Airline management: Getting it right in Africa
Addressing AFRICAN AVIATION Magazine’s First African Aviation Finance & Leasing Conference held in Cairo, Egypt, 16 years ago, Steven F. Udvar-Hazy, Chairman and Chief Executive Officer of US-based International Lease Finance Corporation (ILFC), provided a crystal clear vision of how African airlines can succeed and prosper.
Pointing to the lack of traditional funding sources available to most African airlines on economical terms, to finance their expansion and fleet modernisation, the internationally renowned aviation entrepreneur politely pointed out that the lack of airline management stability and frequent bureaucratic/governmental interference in the commercial affairs of airlines on this continent had magnified the difficulties they faced in the financing arena.
“The lack of airline management proficiency and continuity has reached critical proportions. Too often, Government appointees have no airline transportation management experience or aviation know-how to deal with airline organisational decision-making, control and direction. Another negative consequence is the harm to the airline’s credibility and reputation, as well as staff morale. Many African airlines are also overloaded with excess and inefficient employees, because airlines are being asked to fulfil social as well as business goals.”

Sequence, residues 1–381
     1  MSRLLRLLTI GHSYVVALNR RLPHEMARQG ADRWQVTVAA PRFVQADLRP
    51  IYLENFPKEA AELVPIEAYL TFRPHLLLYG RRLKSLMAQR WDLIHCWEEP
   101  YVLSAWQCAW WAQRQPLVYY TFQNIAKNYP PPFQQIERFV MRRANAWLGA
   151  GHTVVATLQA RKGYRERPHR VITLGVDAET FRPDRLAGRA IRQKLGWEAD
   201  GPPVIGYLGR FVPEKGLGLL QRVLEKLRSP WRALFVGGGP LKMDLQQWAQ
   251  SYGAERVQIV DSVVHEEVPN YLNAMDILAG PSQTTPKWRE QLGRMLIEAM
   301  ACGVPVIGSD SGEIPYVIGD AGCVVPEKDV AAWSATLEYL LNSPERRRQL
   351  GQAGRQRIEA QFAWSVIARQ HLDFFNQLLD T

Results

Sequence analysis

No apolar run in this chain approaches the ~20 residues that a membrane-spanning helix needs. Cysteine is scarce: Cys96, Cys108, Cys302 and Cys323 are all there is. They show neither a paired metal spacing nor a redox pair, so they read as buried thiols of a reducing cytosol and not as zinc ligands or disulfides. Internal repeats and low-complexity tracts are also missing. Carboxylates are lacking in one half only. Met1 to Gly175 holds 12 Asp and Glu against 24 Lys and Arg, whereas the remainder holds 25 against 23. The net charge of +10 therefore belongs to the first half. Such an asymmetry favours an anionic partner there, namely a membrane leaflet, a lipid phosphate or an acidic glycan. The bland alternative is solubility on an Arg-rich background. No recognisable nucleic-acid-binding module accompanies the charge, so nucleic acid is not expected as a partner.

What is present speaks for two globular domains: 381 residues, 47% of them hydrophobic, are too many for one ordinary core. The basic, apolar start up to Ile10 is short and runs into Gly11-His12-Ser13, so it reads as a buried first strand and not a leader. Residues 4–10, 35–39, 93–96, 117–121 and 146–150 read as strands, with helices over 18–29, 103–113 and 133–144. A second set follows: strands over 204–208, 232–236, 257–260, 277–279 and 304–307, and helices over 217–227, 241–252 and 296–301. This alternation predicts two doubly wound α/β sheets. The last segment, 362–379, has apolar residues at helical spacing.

Steven Udvar-Hazy advocated increased emphasis and resources on airline staff training, airline automation and the use of state-of-the-art yield management tools, the need to offer punctual, reliable schedules and customer orientation in in-flight and ground services, co-operative ventures among African airlines in several important operational areas, such as maintenance and engineering, and spare parts provisioning, etc. To achieve their goals, African airlines would need to sharpen their management skills, improve their productivity and competitive positions, while at the same time strengthening regional co-operation.
Sixteen years later, the words of Steven Udvar-Hazy still ring true. Certainly, some things have improved in African aviation, but there is still much to be achieved. As Steve said: “Today, Africa, probably more than any other continent, needs aviation and a strong airline industry to grow and prosper.” That goal is what drives us at AFRICAN AVIATION.
– By Nick Fadugba
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